During my three decades as a nurse, volunteering on a medical mission has always been on my “to do” list. In 2005, having finished my nursing education and with an empty nest at home, I finally had the time and wherewithal to commit to such a mission. After exploring various options, I decided to apply to become an Operation Smile volunteer.
A children’s medical charity that launched in 1982, Operation Smile provides free surgery for children and young adults with deformities—primarily cleft lip and cleft palate. Worldwide, thousands of healthcare volunteers have treated more than 115,000 children and young adults in more than 2 dozen countries.
In November 2007, after being credentialed by Operation Smile, I traveled to Qena, Egypt on my first mission.
I was met at the Cairo airport along with several other volunteers; from there, we traveled together by plane and then by van to our hotel, which was more like a dormitory with twin cots and community bathrooms. My roommate was an operating room (OR) nurse from Nova Scotia—also a first-time volunteer. It was fun to have another rookie around to share my fear and excitement.
The 53-member Team Egypt included nurses, plastic surgeons, anesthesiologists, a pediatrician, a pediatric intensivist, a dentist, a speech pathologist, a child-life specialist, patient-imaging technicians, medical records personnel, a photographer, high school students from Paraguay, and local nurses and physicians. For the first 2 days, we screened 322 people who came to be evaluated for possible surgery. They ranged from 5-day-old infants to middle-aged adults.
From screening to surgery and recovery
For each person, we began the screening by creating a medical record; then each person posed for four photographs. Sometimes I assisted with these photos; I enjoyed this because it gave me plenty of personal contact with the prospective patients and their families.
After vital signs and height and weight were obtained, each person saw a plastic surgeon, an anesthesiologist, a pediatrician, a dentist, and a speech pathologist. During waits between these stations, the child-life specialist and students circulated to interact with the people being evaluated.
At day’s end, team leaders met to decide which people were surgical candidates and to assign a priority level to each. Those with cleft lips got the highest priority, followed by those with cleft palates, then revisions of lips and palates. Per Operation Smile criteria, team leaders excluded infants younger than 6 months old, persons who were too ill, and those whose deformities were beyond the mission’s scope.
Those accepted for surgery underwent preadmission hemoglobin and hematocrit testing. Patients with hemoglobin values below 9 mg/dL were rescreened to determine their continued eligibility.
After 2 days of screening and 1 day of setup, the surgeries began. We had no transporters, so the anesthesiologist or plastic surgeon carried or walked the patient into the OR. Surgery took approximately 1 hour for cleft lip repair and 2 hours for cleft palate repair.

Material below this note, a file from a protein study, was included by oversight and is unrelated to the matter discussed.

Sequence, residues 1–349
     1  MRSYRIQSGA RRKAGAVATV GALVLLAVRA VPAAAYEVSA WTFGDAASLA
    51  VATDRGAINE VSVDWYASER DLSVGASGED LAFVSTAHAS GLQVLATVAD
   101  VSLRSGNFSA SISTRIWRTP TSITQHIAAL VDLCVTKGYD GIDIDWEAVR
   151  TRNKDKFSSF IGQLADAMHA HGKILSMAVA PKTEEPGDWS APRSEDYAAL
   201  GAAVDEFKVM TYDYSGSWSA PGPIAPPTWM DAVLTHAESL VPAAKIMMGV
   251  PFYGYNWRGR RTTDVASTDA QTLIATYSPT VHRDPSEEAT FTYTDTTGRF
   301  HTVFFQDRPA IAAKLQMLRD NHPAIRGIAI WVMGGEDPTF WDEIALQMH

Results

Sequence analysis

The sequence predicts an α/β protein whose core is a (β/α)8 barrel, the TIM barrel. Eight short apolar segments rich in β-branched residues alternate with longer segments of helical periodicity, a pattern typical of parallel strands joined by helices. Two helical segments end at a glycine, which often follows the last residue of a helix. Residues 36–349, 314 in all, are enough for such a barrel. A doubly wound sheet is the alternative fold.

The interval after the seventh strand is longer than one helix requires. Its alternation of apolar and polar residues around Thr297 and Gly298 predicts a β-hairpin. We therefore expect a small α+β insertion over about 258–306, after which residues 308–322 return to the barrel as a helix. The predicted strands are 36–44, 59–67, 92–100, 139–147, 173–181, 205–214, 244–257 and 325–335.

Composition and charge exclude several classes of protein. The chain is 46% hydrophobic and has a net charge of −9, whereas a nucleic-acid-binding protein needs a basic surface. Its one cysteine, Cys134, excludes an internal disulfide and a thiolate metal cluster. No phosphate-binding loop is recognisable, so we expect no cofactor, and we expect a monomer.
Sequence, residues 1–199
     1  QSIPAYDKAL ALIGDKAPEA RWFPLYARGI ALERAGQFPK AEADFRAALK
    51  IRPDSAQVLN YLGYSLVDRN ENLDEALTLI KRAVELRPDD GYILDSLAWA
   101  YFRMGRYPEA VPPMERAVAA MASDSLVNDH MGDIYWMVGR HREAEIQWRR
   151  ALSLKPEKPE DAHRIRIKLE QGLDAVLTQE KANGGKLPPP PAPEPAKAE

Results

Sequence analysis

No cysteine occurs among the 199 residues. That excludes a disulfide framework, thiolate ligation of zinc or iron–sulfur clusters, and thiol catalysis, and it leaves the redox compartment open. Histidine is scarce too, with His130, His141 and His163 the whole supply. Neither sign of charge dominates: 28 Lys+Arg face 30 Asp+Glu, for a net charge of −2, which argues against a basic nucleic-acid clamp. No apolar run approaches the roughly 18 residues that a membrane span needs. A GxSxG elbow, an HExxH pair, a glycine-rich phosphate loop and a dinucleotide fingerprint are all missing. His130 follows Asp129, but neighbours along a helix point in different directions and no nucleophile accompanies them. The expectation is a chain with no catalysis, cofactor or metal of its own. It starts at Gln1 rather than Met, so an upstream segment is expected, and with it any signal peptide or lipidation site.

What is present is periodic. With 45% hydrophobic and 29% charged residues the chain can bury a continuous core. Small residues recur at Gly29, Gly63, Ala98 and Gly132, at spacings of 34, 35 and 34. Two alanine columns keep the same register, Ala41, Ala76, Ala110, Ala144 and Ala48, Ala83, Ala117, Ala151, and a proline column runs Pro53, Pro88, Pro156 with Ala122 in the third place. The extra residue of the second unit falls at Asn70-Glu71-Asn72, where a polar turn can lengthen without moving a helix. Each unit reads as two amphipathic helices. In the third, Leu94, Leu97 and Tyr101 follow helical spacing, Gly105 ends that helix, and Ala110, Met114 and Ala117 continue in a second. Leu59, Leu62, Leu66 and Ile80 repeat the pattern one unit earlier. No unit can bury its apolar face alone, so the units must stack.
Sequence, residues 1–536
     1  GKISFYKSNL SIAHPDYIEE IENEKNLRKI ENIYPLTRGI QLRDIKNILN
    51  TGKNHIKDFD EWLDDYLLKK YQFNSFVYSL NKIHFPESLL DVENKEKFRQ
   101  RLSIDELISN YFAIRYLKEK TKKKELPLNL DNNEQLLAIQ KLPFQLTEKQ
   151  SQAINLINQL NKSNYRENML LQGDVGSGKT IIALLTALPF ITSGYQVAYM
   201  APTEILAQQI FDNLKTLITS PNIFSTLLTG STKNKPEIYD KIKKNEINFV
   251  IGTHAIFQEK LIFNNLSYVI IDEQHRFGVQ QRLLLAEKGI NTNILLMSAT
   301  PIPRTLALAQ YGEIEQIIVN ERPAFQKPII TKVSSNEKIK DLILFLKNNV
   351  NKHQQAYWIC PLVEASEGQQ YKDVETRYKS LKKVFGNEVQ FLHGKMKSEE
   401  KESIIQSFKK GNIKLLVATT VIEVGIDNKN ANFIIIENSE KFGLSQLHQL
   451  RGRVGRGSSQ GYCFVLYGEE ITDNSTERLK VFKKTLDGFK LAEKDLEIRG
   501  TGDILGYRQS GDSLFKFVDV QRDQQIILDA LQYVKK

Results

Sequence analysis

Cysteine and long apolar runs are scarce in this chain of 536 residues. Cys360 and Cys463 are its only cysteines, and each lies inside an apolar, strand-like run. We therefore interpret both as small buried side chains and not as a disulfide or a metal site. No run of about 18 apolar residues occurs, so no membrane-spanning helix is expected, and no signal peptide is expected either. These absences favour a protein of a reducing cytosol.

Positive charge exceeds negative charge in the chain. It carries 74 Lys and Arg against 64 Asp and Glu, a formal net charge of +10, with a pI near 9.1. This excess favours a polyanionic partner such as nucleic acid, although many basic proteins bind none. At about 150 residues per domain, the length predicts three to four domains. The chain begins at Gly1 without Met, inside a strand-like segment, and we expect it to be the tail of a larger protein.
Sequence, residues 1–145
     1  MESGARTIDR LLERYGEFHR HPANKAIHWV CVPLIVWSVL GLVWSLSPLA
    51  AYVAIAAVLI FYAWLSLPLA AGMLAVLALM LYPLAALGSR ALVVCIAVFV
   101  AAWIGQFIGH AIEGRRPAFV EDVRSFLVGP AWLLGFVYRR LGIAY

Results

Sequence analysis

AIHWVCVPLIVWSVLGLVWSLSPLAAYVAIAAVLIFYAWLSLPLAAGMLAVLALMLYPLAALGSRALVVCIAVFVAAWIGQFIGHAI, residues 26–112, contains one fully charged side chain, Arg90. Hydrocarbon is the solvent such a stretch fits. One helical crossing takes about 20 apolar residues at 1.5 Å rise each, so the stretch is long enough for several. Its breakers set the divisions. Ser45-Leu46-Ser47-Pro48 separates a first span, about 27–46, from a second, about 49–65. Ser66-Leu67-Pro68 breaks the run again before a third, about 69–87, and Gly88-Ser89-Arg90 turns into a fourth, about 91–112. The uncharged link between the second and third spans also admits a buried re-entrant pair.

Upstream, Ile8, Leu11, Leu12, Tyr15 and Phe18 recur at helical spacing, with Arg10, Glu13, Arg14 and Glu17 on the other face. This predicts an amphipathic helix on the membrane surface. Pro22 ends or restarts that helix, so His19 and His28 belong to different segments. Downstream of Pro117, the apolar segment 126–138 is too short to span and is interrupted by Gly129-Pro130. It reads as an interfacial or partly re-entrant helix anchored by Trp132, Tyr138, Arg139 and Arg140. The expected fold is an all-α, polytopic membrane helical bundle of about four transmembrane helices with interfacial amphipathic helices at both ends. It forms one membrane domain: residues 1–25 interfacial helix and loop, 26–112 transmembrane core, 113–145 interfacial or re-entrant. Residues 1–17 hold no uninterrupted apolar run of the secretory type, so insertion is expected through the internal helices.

As I cared for my first postoperative patient, my nervousness disappeared. My recovery-room colleagues and the pediatric intensivist were wonderful to work with. By the end of the first morning, I felt as if we’d been working together as a team for years. We all had fluid job descriptions and were willing to help wherever needed. I was extremely impressed by the knowledge, skills, and cultural sensitivity of everyone involved.
Two Operation Smile nurses were assigned each day to cover the night shift on the postoperative floor. In Qena, the night is a time of activity and socializing. One of our pediatric patients—whose mother, father, and grandmother sat at his bedside—received five new visitors at 2:00 a.m.! With the help of an interpreter, we finally convinced family members it was unfair to their child’s roommate to have eight visitors in the middle of the night.
Transforming patients’ lives
The surgeries transformed the lives of all our patients. But what brought tears to my eyes was seeing the parents’ faces after their child’s surgery or handing a mirror to our adult patients so they could see their faces without deformities for the first time.
Days were long and the work was hard, but the patients’ smiles made it all worthwhile. Volunteering as a recovery-room nurse was a life-altering experience that reenergized me personally and professionally.
In July, I served on a mission to Mudanjiang, China, and I’m scheduled for a mission to Jimma, Ethiopia this month. I urge other nurses to explore volunteer opportunities that suit their particular talents. To learn more about Operation Smile, visit http://www.operationsmile.org/act-now/volunteer.
When she’s not volunteering for Operation Smile, Claire P. Donaghy is an associate professor of nursing at William Paterson University in Wayne, New Jersey. She also works part-time as a Nurse Practitioner for the Morris Anesthesia Group and as a per diem nurse in the postanesthesia care unit at St. Clare’s Hospital in Denville, New Jersey.